WW1, the homefront

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  • Created on: 10-01-13 20:50
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Changing the attitudes to the war
During the course of the war there were natural changes in the nature of support...
However, support for the war remained strong throughout and indeed after.
Enthusiasm at the start ­ huge groups of people volunteering, bolstered by the feeling that it
would all be over by Christmas
Resolution to see an unpleasant job to its end
Questioning the purpose of the sacrifices caused by the war as Britain faced unemployment
and economic difficulties in the 1920s
While it continued the public was by a huge majority committed to the sacrifices everyone had to
make to win what was seen as a just war in defence of those who could not defend themselves
Support amongst politicians and organisations:
The governing liberal party, the conservatives ­ even the new labour party and the Irish
nationalist party which had opposed the Boer War all supported the war effort. Germany
was geographically close to Britain and powerful ­ a very different foe from for example far
off Boer republics
The two main organisations campaigning for women's suffrage suspended activity until the
conflict was over. Suffragettes became involved in persuading young men to volunteer
Trade unions expressed their support and offered no-strike agreements
The press overwhelmingly supported the war. Lord Northcliffe owner of both the Times and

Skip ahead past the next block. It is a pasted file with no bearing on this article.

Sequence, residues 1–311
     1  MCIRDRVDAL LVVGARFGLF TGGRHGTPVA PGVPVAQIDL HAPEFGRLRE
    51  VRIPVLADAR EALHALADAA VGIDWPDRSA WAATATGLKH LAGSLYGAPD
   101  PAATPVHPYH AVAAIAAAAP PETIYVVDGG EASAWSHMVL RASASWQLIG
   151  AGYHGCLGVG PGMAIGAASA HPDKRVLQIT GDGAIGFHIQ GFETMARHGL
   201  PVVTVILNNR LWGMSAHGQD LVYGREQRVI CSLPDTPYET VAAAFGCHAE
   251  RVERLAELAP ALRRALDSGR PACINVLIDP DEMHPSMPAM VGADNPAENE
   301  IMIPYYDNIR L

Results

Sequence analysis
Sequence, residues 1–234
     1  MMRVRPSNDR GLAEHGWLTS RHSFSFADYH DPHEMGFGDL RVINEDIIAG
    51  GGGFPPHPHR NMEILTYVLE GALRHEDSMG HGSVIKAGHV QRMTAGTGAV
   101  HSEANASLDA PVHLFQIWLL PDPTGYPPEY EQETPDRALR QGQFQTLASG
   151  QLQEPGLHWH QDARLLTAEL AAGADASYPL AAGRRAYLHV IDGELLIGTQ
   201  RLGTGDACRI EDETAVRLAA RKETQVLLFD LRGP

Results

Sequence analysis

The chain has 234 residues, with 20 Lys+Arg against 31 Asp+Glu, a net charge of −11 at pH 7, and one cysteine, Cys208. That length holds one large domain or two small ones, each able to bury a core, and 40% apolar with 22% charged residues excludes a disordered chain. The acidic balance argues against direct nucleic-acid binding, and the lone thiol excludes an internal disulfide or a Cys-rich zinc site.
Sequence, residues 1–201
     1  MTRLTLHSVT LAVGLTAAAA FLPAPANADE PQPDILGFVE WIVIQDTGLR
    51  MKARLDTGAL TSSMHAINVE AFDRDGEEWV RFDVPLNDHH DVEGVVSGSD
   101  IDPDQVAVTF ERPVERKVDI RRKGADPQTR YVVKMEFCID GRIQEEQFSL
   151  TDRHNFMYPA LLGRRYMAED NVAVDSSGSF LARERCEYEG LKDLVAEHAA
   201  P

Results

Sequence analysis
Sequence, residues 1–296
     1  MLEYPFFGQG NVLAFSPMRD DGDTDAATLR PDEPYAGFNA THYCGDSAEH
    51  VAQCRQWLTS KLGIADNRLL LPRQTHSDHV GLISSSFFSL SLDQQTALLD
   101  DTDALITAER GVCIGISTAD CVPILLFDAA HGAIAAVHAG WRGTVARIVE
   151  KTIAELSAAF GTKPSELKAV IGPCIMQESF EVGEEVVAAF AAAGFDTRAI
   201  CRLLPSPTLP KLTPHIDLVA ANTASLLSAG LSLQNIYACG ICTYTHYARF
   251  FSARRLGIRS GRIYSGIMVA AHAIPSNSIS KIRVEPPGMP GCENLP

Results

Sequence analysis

the Daily Mail was particularly enthusiastic.
Popular support:
Public enthusiasm showed itself in...
Noise crowd demonstrations
Attacks on shops owned by people with German names
Pro-war songs and poetry
An influx of volunteers that was largely sustained throughout the war
Opponents of war:
A minority opposed the war from the start...
The leader of the labour party, James Ramsay Macdonald was a pacifist and resigned
leadership after labour decided to support the war
When conscription was introduced in 1916 16500 applied for exemption as conchies this was
however, small to the 2.5 million who were conscripted and volunteered for the army.
The `no conscription fellowship' by the end of 1917 had 5500 members
War weariness
o At the end of 1916, a leading conservative appalled by the slaughter of that period,
proposed a negotiated peace to the war cabinet, he received little support.

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During 1917-18 however there were more industrial stoppages, many unofficial. With the
setting up a commission of inquiry by the government it drew attention to the key issue of
food prices
o The German U-boat campaign of 1916-18 had affected imports and there was a 6% decline
in consumption of protein.
o Margarine consumption quintupled, as butter became scarcer and more expensive
Although there were problems the working class often gained from the regularity of work and
higher wages.…read more

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In general they exaggerated allied success and minimised those of the Germans, but
there tended to be no overt lies and some sense of the horrors of the trenches and
modern warfare was conveyed to the justification of the war or its conduct
The defence of the Realm act, passed by Britain in August 1914 gave the government wide powers
of censorship.…read more

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Mobilised the work force to meet state requirements
Became an offence for anyone to leave their job without employers permission
All strikes and lock-outs were forbidden
Overtime could be compulsory
Semi-skilled or unskilled labour could take the jobs of skilled men if the latter were in the
armed forces
Despite the no-strike agreements, there continued to be labour unrest. In 1917 approximately
200,000 people went on strike across nearly 50 locations.…read more

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Post war society…read more


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